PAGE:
Subchondral insufficiency fracture of the knee: review of current concepts and radiological differential diagnoses

Junko Ochi, Taiki Nozaki, Akimoto Nimura, Takehiko Yamaguchi, Nobuto Kitamura

Research output: Contribution to journalReview articlepeer-review

24 Citations (Scopus)


Subchondral insufficiency fracture of the knee (SIFK) is a common cause of knee joint pain in older adults. SIFK is a type of stress fracture that occurs when repetitive and excessive stress is applied to the subchondral bone. If the fracture does not heal, the lesion develops into osteonecrosis and results in osteochondral collapse, requiring surgical management. Because of these clinical features, SIFK was initially termed “spontaneous osteonecrosis of the knee (SONK)” in the pre-MRI era. SONK is now categorized as an advanced SIFK lesion in the spectrum of this disease, and some authors believe the term “SONK” is a misnomer. MRI plays a significant role in the early diagnosis of SIFK. A subchondral T2 hypointense line of the affected condyle with extended bone marrow edema-like signal intensity are characteristic findings on MRI. The large lesion size and the presence of osteochondral collapse on imaging are associated with an increased risk of osteoarthritis. However, bone marrow edema-like signal intensity and osteochondral collapse alone are not specific to SIFK, and other osteochondral lesions, including avascular necrosis, osteochondral dissecans, and osteoarthritis should be considered. Chondral lesions and meniscal abnormalities, including posterior root tears, are also found in many patients with SIFK, and they are considered to be related to the development of SIFK. We review the clinical and imaging findings, including the anatomy and terminology history of SIFK, as well as its differential diagnoses. Radiologists should be familiar with these imaging features and clinical presentations for appropriate management.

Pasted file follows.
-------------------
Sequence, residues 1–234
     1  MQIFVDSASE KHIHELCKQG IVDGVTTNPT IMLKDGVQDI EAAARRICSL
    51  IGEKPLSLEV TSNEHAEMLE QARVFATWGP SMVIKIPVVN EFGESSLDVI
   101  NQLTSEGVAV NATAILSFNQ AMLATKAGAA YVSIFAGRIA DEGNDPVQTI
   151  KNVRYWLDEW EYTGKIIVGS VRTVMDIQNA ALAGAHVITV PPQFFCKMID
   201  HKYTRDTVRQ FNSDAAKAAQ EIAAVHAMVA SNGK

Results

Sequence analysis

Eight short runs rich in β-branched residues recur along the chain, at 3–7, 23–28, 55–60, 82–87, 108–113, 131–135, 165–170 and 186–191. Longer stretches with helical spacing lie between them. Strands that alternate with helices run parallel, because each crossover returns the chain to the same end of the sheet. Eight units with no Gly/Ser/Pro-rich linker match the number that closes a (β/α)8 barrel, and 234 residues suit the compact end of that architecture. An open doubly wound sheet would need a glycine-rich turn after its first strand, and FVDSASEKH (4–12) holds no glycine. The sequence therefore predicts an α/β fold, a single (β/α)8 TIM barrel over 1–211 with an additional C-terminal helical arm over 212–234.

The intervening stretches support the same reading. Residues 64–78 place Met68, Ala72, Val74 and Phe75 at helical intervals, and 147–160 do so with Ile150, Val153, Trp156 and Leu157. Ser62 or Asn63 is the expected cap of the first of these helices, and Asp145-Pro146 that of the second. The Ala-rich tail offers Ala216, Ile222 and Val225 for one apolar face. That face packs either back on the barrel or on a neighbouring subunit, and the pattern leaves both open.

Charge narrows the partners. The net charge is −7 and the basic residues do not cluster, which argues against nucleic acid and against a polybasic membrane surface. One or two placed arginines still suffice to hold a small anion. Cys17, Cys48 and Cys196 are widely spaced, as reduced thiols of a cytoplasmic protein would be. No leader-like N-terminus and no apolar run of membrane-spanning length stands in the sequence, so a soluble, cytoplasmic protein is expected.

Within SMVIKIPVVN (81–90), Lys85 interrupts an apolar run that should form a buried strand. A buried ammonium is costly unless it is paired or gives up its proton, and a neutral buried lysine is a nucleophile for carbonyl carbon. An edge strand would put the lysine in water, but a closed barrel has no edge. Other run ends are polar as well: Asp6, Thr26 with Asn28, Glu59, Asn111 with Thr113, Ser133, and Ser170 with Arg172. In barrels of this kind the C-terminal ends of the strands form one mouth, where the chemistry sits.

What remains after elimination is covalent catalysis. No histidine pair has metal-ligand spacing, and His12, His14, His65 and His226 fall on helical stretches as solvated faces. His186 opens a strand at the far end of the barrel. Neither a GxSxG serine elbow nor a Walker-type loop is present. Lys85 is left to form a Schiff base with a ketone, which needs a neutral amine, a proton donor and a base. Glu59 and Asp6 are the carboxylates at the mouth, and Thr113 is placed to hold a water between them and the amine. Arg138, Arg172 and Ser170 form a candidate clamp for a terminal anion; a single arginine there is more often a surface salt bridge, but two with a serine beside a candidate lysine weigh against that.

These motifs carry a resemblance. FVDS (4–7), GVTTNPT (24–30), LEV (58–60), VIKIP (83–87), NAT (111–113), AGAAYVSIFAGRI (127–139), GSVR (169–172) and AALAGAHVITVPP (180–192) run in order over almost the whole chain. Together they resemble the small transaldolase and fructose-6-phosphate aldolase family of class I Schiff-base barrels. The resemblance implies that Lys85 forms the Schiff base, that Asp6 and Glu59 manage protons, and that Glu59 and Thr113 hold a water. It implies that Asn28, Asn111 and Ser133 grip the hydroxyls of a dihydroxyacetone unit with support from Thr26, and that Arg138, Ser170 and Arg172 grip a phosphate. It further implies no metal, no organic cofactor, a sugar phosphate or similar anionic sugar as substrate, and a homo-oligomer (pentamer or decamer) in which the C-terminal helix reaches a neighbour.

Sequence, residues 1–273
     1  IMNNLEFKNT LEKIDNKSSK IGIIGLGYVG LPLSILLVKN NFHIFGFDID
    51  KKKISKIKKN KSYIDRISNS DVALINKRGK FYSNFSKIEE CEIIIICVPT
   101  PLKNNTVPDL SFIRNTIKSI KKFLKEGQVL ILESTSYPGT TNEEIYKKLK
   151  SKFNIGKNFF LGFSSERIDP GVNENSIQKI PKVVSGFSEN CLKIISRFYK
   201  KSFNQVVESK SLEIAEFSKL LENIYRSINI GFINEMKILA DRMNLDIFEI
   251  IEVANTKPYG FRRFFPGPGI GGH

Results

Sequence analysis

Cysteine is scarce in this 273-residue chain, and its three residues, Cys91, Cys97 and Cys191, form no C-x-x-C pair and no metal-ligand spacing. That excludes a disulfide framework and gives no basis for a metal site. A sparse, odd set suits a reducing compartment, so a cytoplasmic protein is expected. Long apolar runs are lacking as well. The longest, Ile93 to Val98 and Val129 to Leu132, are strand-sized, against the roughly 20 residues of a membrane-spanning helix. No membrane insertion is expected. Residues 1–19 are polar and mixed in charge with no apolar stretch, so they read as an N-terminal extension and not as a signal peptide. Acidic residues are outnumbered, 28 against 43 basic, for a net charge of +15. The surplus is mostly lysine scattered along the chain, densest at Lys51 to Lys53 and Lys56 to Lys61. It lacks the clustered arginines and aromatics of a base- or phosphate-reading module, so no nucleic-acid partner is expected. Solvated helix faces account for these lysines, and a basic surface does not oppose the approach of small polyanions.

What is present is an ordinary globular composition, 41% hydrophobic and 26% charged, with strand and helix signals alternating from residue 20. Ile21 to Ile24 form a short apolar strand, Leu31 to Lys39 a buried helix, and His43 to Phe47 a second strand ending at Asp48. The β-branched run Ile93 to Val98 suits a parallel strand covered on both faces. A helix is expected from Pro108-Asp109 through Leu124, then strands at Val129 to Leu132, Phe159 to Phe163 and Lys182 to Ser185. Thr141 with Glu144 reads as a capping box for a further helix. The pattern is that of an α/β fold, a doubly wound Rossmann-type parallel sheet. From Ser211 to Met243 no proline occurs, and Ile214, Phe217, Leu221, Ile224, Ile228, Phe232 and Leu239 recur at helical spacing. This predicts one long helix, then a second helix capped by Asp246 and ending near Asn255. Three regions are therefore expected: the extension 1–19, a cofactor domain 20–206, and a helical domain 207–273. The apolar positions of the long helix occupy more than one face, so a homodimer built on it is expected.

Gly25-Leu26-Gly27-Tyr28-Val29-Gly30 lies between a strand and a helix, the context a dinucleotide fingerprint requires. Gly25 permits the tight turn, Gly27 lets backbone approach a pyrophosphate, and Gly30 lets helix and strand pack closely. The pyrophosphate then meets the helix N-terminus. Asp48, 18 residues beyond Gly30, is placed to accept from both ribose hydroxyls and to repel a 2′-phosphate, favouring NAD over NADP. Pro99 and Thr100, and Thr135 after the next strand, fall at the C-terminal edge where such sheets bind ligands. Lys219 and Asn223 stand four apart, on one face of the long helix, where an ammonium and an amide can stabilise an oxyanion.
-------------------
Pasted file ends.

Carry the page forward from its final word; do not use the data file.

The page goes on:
Original languageEnglish
Pages (from-to)443-457
Number of pages15
JournalJapanese Journal of Radiology
Issue number5
Publication statusPublished - 2022 May
Externally publishedYes


  • Meniscal root tear
  • Spontaneous osteonecrosis of the knee
  • Subchondral insufficiency fracture
  • Subchondral plate

ASJC Scopus subject areas

  • Radiology Nuclear Medicine and imaging


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